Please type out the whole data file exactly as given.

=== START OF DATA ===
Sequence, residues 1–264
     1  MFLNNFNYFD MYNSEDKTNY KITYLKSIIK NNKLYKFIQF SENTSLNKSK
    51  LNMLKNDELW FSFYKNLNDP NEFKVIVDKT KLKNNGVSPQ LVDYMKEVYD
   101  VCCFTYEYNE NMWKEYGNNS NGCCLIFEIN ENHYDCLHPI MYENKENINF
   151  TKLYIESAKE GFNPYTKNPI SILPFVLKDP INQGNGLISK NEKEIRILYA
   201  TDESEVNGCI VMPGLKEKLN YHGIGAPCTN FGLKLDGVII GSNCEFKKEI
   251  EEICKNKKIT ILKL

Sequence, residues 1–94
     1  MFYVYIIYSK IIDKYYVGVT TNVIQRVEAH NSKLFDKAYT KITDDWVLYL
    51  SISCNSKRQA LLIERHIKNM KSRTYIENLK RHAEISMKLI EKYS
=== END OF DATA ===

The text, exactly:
Sequence, residues 1–264
     1  MFLNNFNYFD MYNSEDKTNY KITYLKSIIK NNKLYKFIQF SENTSLNKSK
    51  LNMLKNDELW FSFYKNLNDP NEFKVIVDKT KLKNNGVSPQ LVDYMKEVYD
   101  VCCFTYEYNE NMWKEYGNNS NGCCLIFEIN ENHYDCLHPI MYENKENINF
   151  TKLYIESAKE GFNPYTKNPI SILPFVLKDP INQGNGLISK NEKEIRILYA
   201  TDESEVNGCI VMPGLKEKLN YHGIGAPCTN FGLKLDGVII GSNCEFKKEI
   251  EEICKNKKIT ILKL

Sequence, residues 1–94
     1  MFYVYIIYSK IIDKYYVGVT TNVIQRVEAH NSKLFDKAYT KITDDWVLYL
    51  SISCNSKRQA LLIERHIKNM KSRTYIENLK RHAEISMKLI EKYS